Kicking North Koreans Down the Bloody Road of History

I don’t think that anyone really wants a war with North Korea. The potential use of nuclear weapons on either side is the stuff of nightmares; but even without nuclear weapons, the death tolls from conventional munitions such as artillery, small arms, non-nuclear missiles and air-strikes would be extraordinary.

Thus, many have been shocked that President Trump has seemed openly hostile to N. Korean Supreme Leader, Kim Jong-un. They have blamed him with escalating the conflict, with prodding the rogue nation to the brink of nuclear conflict.

In the end, it sounds as if North Korea were a gentle, quiet land of rural majesty that just wanted to be left alone, when along came Donald Trump, who started being mean to the cuddly Teddy Bear president of exotic, far-off North Korea.

And yet, we forget. We forget that the Korean war of 1950-53 began when North invaded South and that it ended in an armistice, not a peace treaty. That war cost an estimated 1.6 million civilian casualties and some 1.2 million combat casualties. I’ve met veterans of that nightmare. It was a horrible war, and would be again.


However, we also forget that since that truce, North Korea has constantly provoked South Korea with infiltrations by special operations soldiers, with naval and border clashes, assassinations, terrorist events and artillery fire. We forget that North Korean operatives have kidnapped citizens of South Korea, Japan and other nations. (Many of whom never saw their families again.) Go through the list in the link below. It’s not stuff we hear much about, but it’s truly shocking. And the list only goes to 2007.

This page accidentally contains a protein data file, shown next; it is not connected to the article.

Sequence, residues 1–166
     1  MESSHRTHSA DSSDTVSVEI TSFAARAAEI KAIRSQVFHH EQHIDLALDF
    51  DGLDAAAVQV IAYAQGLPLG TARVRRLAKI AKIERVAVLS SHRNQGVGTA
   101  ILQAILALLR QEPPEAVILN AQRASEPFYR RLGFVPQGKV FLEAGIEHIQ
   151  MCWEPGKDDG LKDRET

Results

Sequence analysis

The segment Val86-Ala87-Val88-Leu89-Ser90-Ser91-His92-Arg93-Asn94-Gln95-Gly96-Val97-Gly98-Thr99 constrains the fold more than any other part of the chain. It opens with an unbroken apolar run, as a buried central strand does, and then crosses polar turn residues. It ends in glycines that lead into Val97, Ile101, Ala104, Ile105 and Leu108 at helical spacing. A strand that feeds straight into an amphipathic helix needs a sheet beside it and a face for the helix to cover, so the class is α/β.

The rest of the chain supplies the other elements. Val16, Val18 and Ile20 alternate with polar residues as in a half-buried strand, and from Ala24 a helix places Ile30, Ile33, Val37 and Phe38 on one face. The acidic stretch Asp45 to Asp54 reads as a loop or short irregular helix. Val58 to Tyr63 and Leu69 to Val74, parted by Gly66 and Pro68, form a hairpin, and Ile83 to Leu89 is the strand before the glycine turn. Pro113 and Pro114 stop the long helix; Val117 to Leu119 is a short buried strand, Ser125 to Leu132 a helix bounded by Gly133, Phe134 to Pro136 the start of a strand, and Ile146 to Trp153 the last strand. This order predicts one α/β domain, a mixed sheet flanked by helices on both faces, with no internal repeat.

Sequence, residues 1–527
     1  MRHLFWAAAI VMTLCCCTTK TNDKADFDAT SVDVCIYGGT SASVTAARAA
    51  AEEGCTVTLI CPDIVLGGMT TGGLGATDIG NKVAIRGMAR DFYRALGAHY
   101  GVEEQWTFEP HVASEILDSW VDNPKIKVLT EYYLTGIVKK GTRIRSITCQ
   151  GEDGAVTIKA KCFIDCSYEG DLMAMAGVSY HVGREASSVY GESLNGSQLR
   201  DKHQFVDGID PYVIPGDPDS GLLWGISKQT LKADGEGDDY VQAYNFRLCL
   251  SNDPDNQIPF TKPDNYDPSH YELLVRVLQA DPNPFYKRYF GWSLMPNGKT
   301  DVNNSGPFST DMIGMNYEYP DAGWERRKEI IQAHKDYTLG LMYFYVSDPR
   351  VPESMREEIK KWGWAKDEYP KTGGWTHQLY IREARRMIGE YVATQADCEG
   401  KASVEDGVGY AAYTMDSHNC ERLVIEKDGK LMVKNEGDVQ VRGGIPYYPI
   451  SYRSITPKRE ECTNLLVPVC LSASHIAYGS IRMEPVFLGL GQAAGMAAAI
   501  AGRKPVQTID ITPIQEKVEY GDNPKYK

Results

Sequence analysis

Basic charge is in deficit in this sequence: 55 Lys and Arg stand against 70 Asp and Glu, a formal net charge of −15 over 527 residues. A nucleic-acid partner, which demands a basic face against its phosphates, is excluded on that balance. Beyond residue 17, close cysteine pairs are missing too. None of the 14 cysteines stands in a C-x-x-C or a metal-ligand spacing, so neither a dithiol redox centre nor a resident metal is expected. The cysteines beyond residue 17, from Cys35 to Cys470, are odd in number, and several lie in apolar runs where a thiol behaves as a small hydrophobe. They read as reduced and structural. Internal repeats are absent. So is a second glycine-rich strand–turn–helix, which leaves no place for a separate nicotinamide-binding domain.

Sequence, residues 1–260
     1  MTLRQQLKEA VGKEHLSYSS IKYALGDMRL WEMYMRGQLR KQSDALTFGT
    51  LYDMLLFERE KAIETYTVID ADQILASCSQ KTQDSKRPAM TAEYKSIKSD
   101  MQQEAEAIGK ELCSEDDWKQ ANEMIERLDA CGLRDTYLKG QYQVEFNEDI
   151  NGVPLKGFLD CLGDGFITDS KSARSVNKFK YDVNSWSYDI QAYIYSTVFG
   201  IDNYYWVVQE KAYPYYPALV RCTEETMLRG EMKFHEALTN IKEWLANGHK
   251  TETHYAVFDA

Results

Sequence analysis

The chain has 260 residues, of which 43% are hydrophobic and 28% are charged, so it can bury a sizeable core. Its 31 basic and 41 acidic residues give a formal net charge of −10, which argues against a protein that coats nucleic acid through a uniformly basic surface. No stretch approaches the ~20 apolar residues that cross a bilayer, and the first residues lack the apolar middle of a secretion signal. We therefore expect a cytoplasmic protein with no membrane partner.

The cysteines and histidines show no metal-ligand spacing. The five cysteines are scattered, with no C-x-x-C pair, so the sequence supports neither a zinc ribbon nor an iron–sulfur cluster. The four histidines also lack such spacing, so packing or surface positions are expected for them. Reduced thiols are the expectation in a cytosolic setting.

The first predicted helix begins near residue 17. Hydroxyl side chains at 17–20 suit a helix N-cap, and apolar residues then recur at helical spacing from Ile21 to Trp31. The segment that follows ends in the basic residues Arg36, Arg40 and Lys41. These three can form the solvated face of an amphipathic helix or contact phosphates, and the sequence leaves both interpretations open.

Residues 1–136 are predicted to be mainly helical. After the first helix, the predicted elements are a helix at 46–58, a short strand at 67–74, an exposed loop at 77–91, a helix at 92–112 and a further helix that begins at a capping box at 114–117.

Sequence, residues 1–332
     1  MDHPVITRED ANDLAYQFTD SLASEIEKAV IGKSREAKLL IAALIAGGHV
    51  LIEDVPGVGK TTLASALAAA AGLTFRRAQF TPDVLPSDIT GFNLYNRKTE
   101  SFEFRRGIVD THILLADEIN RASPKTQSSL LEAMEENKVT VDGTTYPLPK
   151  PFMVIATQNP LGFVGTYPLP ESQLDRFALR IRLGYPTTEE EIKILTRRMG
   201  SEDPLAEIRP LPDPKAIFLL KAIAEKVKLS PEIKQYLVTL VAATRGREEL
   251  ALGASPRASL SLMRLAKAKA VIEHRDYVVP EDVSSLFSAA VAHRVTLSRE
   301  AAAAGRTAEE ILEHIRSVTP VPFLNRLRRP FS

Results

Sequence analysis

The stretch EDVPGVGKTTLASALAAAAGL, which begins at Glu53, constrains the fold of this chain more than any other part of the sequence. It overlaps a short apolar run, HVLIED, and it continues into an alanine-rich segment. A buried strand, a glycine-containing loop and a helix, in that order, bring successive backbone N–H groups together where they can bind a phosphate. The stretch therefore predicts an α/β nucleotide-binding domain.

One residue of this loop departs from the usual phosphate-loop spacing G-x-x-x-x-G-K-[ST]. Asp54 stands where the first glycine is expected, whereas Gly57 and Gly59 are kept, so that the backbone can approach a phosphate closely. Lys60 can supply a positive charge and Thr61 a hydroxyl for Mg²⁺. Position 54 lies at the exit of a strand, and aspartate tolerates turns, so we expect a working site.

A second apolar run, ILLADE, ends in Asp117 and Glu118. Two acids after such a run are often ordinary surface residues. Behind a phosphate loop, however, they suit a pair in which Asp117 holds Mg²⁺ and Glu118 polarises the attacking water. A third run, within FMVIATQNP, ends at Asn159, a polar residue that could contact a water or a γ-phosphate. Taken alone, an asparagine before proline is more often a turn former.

Beyond that, we in the West (and particularly college educated Americans) have a stunning ignorance about the singular delights of the land above the 38th parallel. We forget that North Korea, that undying zombie of Communism, is a land of terrible cruelty, torture, imprisonment, starvation and sorrow. As we in the West decry oppression in all its real and imaginary forms, the people of North Korea understand it in full. Over the decades of North Korean tyranny, since 1948, hundreds of thousands have died at the hands of their own government in prison camps and reeducation centers. Attempted defection to China usually results in either more abuses, or return to North Korea with further torment. Starvation, beatings, rape, forced abortions and executions are tools of state, and entire families are punished for the transgressions of one. (I suspect no small number of those crushed souls would say today, ’bomb it, bomb it all; it really can’t get a whole lot worse for us here, eating bugs and rats, and hoping our children aren’t murdered.’)
If you think I’m confabulating, follow the links below.

So it’s all well and good for us to oppose nuclear war, and to oppose war in in general. But the sudden discovery that North Korea was a super friendly place until Donald Trump? That’s not historically accurate or intellectually honest.

If it all cools off and calmer heads prevail, North Korea will still have hundreds of thousands of citizens living in conditions that rival those of the Soviet Gulags, or the Nazi concentration camps. They will survive day to day, eating starvation rations, being beaten or raped, tortured and murdered; the lucky ones exported abroad as wage slaves.
Those not in the camps, even the true believers, will continue to live in the constant fear that they’ll be arrested. And in the knowledge that their success, their survival, depends on showing unwavering devotion to Kim Jong-un and his family’s dynastic brand of tyrannical thuggery. Political opponents, religious believers, families of those suspected of dissent, all will fear the government or be punished by it. Because that’s how it goes down in the Democratic People’s Republic of Korea.

Assuming, again, that the war clouds pass, free people can wipe the sweat from their furrowed brows and allow the horrors of North Korea to go on, safe in the knowledge that diplomats will continue to talk as nuclear weapons and delivery systems continue to be developed in North Korea. All funded by the slave labor of untold, unknown citizens. And as men, women and children continue to suffer and starve.